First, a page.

Beth Doane, speaker, author, activist, fashion designer and writer fights for the places and people who can’t fight for themselves according to the article on Mother Nature Network. She founded RainTees, which currently works in over thirty countries. She also launched a pen-pal program connecting fans with at-risk youth around the world in need of support.

Read the article about Beth Doane:

Get inspired: Passionate rain forest activist Beth Doane


Beth Doane also made a TedX talk on creating a sustainable future:

Our consumer culture often exploits impoverished countries while perpetuating mass destruction of our natural resources. In this powerful and incredibly informative speech Beth shares the life changing challenges she faced creating an ethical product and her time working on the largest environmental court case in history occurring in the Ecuadorian Amazon.

Northwest writer Melanie Sherman meets a hog riding Doane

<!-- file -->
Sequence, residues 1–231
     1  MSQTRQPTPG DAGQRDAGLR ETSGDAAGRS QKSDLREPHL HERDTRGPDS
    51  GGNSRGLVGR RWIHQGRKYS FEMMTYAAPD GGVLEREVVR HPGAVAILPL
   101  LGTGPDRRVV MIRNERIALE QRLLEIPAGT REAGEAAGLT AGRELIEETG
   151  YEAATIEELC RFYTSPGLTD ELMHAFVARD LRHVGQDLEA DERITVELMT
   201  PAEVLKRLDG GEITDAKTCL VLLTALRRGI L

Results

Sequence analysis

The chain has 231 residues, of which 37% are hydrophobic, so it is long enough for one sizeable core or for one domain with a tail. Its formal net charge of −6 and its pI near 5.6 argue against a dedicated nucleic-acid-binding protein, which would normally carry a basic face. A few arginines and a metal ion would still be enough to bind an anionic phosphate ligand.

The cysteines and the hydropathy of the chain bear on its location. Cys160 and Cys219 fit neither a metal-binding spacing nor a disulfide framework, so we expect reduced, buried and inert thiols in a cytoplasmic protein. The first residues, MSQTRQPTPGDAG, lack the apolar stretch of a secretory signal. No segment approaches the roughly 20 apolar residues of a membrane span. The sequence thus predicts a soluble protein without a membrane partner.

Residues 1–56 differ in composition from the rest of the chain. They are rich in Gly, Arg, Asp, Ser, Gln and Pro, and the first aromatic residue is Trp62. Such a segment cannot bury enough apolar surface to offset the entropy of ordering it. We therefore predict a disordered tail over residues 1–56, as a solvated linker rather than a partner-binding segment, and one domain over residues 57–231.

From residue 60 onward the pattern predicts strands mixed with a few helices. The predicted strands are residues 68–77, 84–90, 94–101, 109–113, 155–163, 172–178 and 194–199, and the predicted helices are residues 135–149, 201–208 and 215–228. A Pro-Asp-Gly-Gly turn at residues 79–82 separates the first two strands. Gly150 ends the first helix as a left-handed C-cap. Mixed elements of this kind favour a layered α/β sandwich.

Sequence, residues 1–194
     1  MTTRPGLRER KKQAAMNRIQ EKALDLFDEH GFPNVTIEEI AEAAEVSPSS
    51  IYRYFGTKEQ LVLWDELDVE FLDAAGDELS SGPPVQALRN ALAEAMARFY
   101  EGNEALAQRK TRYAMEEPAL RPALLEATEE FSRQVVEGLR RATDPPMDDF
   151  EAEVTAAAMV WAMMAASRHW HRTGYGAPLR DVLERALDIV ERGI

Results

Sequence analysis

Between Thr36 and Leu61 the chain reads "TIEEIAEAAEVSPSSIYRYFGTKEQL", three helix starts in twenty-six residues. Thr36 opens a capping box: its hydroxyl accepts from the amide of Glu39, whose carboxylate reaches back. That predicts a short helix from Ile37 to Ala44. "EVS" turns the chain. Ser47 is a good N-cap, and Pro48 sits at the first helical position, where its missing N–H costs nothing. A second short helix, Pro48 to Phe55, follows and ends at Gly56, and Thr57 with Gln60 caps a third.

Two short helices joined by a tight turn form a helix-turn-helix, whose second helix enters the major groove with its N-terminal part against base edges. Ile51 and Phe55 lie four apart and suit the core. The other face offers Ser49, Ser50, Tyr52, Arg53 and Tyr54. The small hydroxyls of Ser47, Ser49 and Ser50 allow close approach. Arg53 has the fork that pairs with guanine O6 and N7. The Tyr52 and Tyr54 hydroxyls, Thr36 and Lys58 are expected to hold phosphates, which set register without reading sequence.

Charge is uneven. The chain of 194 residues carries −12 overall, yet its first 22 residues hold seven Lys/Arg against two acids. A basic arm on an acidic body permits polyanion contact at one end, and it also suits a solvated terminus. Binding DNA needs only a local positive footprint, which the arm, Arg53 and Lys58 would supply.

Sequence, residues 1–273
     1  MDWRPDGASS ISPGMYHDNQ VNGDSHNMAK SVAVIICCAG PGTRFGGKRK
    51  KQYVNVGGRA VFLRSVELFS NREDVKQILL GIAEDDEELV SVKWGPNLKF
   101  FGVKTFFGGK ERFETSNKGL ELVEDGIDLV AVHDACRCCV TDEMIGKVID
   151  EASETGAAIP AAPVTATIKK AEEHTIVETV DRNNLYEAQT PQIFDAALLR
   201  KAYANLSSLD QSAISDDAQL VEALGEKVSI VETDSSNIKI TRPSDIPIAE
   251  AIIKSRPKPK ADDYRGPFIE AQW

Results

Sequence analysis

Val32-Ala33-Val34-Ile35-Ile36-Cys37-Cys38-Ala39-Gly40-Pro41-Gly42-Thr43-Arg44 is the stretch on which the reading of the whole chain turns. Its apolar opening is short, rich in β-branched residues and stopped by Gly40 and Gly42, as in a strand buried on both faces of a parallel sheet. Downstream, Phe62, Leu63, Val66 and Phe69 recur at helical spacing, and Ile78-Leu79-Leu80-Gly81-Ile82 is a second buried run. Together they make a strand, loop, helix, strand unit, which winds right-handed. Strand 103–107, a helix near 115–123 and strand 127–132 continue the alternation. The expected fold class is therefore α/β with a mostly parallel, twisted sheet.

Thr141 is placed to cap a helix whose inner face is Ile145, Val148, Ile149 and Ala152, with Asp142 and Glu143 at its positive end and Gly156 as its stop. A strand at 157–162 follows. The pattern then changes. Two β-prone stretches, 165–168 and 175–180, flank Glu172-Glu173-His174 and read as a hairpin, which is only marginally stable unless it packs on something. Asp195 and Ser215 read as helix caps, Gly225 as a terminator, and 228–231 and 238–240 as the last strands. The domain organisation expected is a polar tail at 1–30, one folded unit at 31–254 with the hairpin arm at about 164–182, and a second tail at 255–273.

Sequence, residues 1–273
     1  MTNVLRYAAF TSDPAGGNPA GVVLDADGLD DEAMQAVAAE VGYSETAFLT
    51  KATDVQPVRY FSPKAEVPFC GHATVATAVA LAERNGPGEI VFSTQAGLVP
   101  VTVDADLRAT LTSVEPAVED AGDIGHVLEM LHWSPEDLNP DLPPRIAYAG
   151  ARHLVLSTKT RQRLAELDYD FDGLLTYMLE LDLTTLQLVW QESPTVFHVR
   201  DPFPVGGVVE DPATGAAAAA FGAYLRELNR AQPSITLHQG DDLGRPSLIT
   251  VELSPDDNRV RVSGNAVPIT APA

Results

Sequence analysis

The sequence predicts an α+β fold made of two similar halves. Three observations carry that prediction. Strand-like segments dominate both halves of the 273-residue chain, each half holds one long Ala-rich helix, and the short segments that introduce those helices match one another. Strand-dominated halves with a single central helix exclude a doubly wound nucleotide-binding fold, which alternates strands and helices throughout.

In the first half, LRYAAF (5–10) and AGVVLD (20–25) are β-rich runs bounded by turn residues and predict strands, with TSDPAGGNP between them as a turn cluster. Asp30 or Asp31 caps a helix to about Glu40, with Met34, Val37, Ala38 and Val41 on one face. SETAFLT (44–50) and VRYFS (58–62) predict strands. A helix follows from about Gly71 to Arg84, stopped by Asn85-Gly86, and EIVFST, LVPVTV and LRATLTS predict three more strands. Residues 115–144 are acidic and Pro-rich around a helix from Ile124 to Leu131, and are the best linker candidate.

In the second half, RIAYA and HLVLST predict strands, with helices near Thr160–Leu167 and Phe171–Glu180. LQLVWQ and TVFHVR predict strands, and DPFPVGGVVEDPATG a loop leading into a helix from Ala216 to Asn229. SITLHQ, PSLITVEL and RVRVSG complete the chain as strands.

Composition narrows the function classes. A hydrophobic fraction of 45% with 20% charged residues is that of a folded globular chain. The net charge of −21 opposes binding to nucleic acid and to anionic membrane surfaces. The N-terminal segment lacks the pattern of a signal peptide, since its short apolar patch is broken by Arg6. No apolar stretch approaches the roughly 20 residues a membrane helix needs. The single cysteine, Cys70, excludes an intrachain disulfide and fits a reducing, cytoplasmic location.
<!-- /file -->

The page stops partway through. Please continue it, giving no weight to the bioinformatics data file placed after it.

September 11, 2012 Blog Comments
Bike travel

It is surprising how very little I know.

With every page written in my current manuscript, more research is necessary. And it is a contemporary romance, so what is there not to know? I mean, really, I didn’t get to be my age — with a daughter — without learning the mechanics of romance, right? But every moment of one’s life is not necessarily involved with romance, in real life or within a novel. It is those pesky little interludes of non-romance that are forcing me to research.

Now that I’ve learned about the “I’m a writer…” opening line, I’m getting better at snagging the little details I may, or may not, include in the book.

For instance, I walked into the local Harley Davidson store recently and cornered a salesman.